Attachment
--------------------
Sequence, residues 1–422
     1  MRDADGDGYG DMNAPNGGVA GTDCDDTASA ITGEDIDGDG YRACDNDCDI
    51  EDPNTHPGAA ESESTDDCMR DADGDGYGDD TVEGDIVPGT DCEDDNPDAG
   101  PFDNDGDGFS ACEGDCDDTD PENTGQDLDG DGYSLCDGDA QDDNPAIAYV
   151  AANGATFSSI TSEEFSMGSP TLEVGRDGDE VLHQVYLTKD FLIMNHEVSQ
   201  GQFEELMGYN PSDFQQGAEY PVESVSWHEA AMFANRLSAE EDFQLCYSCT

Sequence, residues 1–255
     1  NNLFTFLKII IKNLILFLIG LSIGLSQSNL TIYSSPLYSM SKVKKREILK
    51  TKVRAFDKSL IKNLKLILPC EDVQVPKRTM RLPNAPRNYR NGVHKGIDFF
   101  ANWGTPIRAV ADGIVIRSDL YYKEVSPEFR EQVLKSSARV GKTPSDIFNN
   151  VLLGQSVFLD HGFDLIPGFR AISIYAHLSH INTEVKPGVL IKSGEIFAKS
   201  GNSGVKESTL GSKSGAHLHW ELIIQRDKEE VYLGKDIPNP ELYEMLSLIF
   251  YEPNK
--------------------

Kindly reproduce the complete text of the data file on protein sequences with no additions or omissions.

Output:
Sequence, residues 1–422
     1  MRDADGDGYG DMNAPNGGVA GTDCDDTASA ITGEDIDGDG YRACDNDCDI
    51  EDPNTHPGAA ESESTDDCMR DADGDGYGDD TVEGDIVPGT DCEDDNPDAG
   101  PFDNDGDGFS ACEGDCDDTD PENTGQDLDG DGYSLCDGDA QDDNPAIAYV
   151  AANGATFSSI TSEEFSMGSP TLEVGRDGDE VLHQVYLTKD FLIMNHEVSQ
   201  GQFEELMGYN PSDFQQGAEY PVESVSWHEA AMFANRLSAE EDFQLCYSCT

Sequence, residues 1–255
     1  NNLFTFLKII IKNLILFLIG LSIGLSQSNL TIYSSPLYSM SKVKKREILK
    51  TKVRAFDKSL IKNLKLILPC EDVQVPKRTM RLPNAPRNYR NGVHKGIDFF
   101  ANWGTPIRAV ADGIVIRSDL YYKEVSPEFR EQVLKSSARV GKTPSDIFNN
   151  VLLGQSVFLD HGFDLIPGFR AISIYAHLSH INTEVKPGVL IKSGEIFAKS
   201  GNSGVKESTL GSKSGAHLHW ELIIQRDKEE VYLGKDIPNP ELYEMLSLIF
   251  YEPNK